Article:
The position of a vice chancellor in public universities should not be the preserve of persons in academia, the Chairman of the National Development Planning Commission (NDPC), Professor Stephen Adei, has said.
Instead, he advocates that it should be open to persons with proven creativity and leadership skills to lead and transform the universities.
Prof. Adei, who is a former Rector of the Ghana Institute of Management and Public Administration (GIMPA), described the current practice where the position is limited to professors as wrong and argued that tertiary education was a big industry and the institutions required persons with innovative and entrepreneurial mindsets to manage them.
“The university is a very big industry. The University of Ghana, for instance, is probably the biggest Ghanaian establishment in terms of having about 3,000 workers and about 40,000 students.
You cannot just entrust it into the hands of anybody who is a professor because he has written numerous articles,” he said.
“It doesn’t mean that the professor cannot be a good leader, but being a professor does not qualify you to be an academic leader.
We need quality leaders to transform our universities,” he added.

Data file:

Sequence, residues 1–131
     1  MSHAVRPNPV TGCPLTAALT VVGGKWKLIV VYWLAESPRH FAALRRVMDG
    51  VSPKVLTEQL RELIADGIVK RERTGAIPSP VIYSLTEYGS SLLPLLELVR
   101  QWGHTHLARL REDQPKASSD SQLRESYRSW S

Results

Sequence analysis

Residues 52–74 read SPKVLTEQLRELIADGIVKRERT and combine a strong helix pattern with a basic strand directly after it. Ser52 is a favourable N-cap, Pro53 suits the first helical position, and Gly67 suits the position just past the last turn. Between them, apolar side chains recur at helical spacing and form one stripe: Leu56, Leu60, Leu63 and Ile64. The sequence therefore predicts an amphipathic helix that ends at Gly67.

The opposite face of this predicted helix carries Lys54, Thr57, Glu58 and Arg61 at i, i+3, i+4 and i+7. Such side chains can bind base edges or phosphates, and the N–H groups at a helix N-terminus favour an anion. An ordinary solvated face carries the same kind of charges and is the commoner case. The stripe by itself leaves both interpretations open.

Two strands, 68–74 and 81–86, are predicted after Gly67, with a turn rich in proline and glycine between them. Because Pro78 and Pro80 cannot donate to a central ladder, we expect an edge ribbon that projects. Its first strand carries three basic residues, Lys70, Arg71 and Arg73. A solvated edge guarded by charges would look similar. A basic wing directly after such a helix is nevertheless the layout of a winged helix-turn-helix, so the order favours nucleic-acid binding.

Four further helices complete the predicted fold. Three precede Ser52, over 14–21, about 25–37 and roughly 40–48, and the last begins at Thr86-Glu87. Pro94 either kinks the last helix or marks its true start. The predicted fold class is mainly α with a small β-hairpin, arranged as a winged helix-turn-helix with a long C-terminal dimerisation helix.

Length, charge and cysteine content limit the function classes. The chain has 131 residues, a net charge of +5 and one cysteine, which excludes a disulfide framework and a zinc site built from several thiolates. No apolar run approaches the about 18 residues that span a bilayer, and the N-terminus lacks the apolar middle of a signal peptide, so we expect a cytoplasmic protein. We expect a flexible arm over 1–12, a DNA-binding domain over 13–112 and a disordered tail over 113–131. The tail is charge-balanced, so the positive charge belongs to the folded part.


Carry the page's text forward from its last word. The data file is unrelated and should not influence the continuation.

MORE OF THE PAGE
Prof. Adei was speaking at the graduation ceremony for Executive Master of Business Administration (EMBA) and Master of Applied Business Research (MABR) students of the Nobel International Business School (NiBS) in Accra last Saturday.
Eighteen students, who were the first batch to undertake the EMBA programme, and 13 others, who were the fourth batch to pursue the MABR, graduated at the event.
Prof. Adei said while the government sought to transform higher education through the passage of the Public Universities Bill, there was the need to pay critical attention to private universities.
He observed that private tertiary universities in the country faced “formidable challenges”, including their inability to attract the requisite number of students, establish the right mix of faculty and the mobilisation of resources to support quality education.
“Many of the colleges are caught in a vicious cycle of having to charge low fees between GH¢4,000 and GH¢6,000, while the real cost per student is at least GH¢20,000. Yet, they cannot increase their fees because the public regard lower fees charged by public colleges as the yardstick.
“My wish is that there will be a progressive law that encourages and supports private higher education to contribute effectively to human resource development in the country,” he stated.
The Founder, President and Executive Dean of the NiBS, Prof. Kwaku Atuahene-Gima, urged the graduates to embrace innovation and apply the lessons from their study areas in the work environment to contribute to the country’s development.
He proposed that teaching at the tertiary level should not be limited to Doctor of Philosophy (PhD) holders but that experienced industry players should be allowed to impart knowledge in order to bridge the gap between industry and academia.
“Why should a subject that is taught in the university be designed and taught only by professors?
If we get people involved and change the traditional model by getting industry players to participate in both teaching and evaluation, the right type of people will be development.